Carbon dioxide absorbs infra-red light. Infra-red photons are just right for exciting the atomic bonds within the carbon dioxide molecule. After absorbing an infra-red photon, the carbon dioxide molecule vibrates. The molecule is now hotter. That's what heat is: vibration of atoms.
Carbon dioxide does not reflect infra-red light. Nor does it scatter infra-red light. It absorbs infra-red light and warms up.
Our atmosphere contains carbon dioxide, roughly 0.04% by volume. This carbon dioxide absorbs infra-red radiation from the earth and the sun. Some calculations suggest that the column of air above each square meter of the earth absorbs of order 2 W of infra-red radiation from the earth. If we assume that the atmosphere is, on average, losing heat as fast as it is gaining heat, then we must ask ourselves how this 2 W is leaving the atmosphere.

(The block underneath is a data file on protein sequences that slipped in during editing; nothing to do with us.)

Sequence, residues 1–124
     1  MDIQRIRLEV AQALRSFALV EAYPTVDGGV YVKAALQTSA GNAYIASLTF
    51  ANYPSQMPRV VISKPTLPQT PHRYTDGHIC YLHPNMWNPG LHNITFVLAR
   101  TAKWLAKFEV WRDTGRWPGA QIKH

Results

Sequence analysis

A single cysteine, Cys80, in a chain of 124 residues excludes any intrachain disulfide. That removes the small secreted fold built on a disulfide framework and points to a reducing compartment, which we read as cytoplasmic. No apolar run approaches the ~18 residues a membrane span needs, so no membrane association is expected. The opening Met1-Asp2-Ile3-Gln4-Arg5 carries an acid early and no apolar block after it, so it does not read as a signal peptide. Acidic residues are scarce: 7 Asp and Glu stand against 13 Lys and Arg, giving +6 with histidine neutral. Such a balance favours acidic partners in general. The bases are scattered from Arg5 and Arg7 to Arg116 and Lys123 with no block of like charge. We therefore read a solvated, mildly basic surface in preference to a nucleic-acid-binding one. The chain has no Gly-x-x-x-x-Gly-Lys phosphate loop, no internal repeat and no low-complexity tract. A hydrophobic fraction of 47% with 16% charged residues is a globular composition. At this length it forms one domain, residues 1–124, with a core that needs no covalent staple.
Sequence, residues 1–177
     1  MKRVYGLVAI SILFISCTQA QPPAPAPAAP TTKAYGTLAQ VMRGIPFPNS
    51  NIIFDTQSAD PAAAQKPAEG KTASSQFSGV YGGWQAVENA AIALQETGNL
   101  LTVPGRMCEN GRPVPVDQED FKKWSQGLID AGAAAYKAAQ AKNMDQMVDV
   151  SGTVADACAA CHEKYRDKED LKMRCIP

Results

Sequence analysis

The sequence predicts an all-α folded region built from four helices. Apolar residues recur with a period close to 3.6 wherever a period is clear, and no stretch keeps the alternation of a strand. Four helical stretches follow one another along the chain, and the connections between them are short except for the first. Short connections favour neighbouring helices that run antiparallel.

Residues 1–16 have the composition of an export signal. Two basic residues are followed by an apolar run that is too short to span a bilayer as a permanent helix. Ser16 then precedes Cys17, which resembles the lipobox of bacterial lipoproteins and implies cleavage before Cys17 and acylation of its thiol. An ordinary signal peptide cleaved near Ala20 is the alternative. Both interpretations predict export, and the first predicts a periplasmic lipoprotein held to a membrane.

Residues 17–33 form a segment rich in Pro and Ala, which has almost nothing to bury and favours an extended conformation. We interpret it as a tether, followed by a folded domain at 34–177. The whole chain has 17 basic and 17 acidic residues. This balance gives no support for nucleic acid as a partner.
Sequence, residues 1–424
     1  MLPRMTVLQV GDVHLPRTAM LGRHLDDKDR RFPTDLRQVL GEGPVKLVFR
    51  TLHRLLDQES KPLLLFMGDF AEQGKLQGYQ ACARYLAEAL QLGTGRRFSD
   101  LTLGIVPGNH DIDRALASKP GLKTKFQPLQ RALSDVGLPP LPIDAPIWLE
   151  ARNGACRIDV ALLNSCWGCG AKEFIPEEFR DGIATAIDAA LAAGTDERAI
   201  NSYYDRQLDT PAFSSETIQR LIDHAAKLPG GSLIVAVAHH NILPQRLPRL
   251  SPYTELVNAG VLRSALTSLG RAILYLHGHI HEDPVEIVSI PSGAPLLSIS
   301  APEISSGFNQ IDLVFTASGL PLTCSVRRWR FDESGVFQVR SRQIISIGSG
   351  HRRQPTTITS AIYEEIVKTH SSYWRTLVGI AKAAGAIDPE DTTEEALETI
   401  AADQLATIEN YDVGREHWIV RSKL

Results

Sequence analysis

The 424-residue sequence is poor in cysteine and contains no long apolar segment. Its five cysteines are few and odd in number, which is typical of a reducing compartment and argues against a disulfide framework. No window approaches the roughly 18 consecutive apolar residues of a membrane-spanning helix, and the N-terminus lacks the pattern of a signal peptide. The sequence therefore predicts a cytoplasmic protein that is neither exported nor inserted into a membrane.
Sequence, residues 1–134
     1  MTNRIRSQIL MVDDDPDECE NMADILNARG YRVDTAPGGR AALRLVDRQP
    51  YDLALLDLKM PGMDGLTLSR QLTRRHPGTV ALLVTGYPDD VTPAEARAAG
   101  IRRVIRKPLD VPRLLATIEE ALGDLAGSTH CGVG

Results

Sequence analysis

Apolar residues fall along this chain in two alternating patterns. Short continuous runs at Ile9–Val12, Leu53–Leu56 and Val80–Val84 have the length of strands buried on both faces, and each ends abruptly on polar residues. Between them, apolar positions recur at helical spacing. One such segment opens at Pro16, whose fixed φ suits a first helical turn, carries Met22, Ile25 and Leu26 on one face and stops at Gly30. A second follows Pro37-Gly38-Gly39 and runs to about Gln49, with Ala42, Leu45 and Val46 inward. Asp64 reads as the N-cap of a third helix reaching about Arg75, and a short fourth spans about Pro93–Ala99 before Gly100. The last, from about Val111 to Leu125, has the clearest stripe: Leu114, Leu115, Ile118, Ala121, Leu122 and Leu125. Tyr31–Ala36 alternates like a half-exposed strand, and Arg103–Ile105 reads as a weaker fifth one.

The 2 W might leave by convection, in which warmer air rises. But there is nowhere for the air to go once it gets to the top of the atmosphere, so convection cannot remove the heat from the atmosphere.
The 2 W might leave by conduction, in which molecules collide with their neighbors. But air is a thermal insulator, and a 1-km column of air with a 10°C temperature difference from one end to the other will conduct only 0.0002 W of heat for every square meter of its cross-sectional area.
By elimination, the 2 W must leave the atmosphere by radiation, in which a vibrating atom emits a photon and so loses heat. This photon may be absorbed by the atmosphere before it travels more than a few hundred meters. It may be absorbed by the earth. Or it may escape the atmosphere and propagate into outer space, in which case its absorption will be greatly delayed.
So, heat leaves the atmosphere almost entirely by radiation.
PS. I am going somewhere with this argument, but I'm hoping to build up some suspense along the way.